The end result of Hep C, if left untreated, is cirrhosis and liver cancer. Come into recovery, put down the cigarettes, and start drinking coffee. You now have a leg up on Hep C. Of course, you should still see a doctor and start some form of treatment!

Learn the weird ways that alcohol can impact the body

How Coffee Protects Our Bodies

The World Cancer Research Fund’s data was gathered from numerous studies and over eight million people, over 24,000 of who had liver cancer. Their findings? Simple, coffee reduces the risk of liver cancer.

Okay, fair enough. But how? How does coffee protect our livers and how much should we be drinking? Find out below:

• Coffee helps fight Type 2 Diabetes. Although this isn’t directly linked to liver cancer, Type 2 Diabetes is associated with an increased risk of developing liver cancer. Coffee improves insulin sensitivity, which contributes to a lower risk of diabetes.

• Coffee actually lowers the flow of blood, oxygen, and nutrients to potential tumors on the liver. I’m not 100% sure how this works (the language of the WCRF’s report was very scientific and above my head), but better minds than mine say it does. I’ll take their word for it!

• Compounds in coffee help repair DNA damage in blood cells by releasing something called Phase II enzymes. Less DNA damage means fewer free radicals, which, in turn, means a lower risk of cancer.

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• Coffee and coffee extracts help to reduce inflammation. All types of cancer are, at their most basic, an inflammation and build up of damaged cells.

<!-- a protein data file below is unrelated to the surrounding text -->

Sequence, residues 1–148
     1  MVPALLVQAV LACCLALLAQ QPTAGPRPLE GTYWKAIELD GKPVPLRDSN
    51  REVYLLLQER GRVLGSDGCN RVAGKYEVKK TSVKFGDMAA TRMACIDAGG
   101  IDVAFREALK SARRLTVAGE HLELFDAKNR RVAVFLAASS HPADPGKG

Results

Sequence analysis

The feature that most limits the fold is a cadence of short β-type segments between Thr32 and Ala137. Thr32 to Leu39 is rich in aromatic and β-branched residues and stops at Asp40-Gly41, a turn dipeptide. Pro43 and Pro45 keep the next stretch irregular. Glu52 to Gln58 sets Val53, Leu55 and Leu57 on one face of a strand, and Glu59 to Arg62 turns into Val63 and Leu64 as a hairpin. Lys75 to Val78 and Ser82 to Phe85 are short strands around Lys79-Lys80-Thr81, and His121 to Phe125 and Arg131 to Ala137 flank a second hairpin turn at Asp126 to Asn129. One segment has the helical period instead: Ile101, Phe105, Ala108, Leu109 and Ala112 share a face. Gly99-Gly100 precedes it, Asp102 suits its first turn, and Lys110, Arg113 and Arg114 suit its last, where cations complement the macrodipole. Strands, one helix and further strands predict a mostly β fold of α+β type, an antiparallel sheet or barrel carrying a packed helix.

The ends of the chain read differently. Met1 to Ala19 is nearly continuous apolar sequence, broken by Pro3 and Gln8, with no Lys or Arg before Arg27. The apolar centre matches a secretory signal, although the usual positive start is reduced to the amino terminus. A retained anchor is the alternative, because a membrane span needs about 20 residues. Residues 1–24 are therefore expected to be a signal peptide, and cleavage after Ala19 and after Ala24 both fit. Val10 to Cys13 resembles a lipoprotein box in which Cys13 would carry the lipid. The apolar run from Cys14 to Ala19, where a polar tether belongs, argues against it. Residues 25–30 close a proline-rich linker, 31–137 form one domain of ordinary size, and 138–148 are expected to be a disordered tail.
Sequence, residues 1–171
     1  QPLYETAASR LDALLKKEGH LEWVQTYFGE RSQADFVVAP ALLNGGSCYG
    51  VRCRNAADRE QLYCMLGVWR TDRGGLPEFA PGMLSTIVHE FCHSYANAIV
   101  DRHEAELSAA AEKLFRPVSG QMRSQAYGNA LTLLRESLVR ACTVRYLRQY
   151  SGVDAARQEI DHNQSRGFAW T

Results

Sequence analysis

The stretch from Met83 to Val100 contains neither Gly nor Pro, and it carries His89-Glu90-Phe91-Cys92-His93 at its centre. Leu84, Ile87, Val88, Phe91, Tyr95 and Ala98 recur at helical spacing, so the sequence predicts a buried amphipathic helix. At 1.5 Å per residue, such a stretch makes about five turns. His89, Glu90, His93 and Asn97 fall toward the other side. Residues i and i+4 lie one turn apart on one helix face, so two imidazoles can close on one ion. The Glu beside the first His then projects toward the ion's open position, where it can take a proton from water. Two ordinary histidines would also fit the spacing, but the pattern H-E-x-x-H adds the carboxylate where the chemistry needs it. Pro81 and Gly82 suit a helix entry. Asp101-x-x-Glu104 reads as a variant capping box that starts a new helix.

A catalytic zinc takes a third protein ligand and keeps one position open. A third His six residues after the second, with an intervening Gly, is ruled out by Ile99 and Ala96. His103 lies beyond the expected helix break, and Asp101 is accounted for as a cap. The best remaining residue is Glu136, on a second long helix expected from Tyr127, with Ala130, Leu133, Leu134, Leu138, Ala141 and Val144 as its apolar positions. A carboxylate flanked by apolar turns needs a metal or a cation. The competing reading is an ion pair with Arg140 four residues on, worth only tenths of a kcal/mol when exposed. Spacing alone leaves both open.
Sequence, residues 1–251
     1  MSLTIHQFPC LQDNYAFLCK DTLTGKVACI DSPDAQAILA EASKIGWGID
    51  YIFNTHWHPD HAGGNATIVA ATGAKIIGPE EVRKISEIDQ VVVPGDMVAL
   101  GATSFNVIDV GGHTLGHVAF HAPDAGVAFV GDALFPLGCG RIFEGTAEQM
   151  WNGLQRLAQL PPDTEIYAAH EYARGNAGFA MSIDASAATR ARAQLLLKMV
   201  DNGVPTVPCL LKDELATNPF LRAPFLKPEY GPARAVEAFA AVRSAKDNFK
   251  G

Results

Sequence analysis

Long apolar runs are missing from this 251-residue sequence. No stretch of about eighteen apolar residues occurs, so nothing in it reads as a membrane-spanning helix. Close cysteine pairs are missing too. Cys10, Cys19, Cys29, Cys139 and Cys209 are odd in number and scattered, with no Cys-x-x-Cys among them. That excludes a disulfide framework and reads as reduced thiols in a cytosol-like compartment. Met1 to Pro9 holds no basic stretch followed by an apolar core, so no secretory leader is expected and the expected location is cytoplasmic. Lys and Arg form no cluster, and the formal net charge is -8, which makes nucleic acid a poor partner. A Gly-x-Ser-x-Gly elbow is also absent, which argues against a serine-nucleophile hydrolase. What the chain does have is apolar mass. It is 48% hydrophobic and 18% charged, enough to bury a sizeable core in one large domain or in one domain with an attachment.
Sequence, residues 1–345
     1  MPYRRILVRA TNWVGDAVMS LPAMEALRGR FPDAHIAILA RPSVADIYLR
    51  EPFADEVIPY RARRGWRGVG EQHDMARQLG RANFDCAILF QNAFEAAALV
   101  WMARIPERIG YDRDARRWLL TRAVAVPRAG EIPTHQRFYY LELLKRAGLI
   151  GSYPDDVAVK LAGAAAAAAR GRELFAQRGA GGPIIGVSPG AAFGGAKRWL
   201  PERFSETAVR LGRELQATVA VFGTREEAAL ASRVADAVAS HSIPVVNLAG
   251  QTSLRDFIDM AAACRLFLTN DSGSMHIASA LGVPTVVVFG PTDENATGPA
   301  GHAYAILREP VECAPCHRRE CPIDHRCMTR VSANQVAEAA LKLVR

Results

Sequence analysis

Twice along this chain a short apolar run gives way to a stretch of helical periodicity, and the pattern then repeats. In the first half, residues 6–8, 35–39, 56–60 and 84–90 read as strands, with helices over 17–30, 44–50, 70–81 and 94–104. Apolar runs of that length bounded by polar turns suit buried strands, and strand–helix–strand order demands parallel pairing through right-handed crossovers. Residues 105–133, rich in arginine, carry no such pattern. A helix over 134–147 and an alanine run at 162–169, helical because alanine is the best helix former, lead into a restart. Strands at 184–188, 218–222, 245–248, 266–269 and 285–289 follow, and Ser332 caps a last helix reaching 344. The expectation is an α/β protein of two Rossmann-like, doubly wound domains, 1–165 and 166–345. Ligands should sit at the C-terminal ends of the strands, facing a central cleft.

• Individuals with Hepatitis C who drink coffee may induce something called apoptosis. Apoptosis is when the body destroys cells that are a “threat” to its safety.

• Compounds in coffee help to trigger the endogenous defense system. This is similar to apoptosis and one way for the body to protect itself against potentially harmful or damaged cells.

How Much Coffee Should You Drink?

Good stuff! It certainly seems like coffee offers many benefits, both for the liver and the entire body. One key question lacking an answer, however, is how much coffee someone should drink.

This is pretty important. After all, too much coffee leads to increased blood pressure and heart rate. Both of these things can trigger heart disease which is just as harmful as liver cancer.

The WCRF’s report was unable to reach a definitive conclusion about how much coffee to drink. Rather, they recommend one cup a day. Remember, a single cup of coffee reduces the risk of liver cancer by 14%.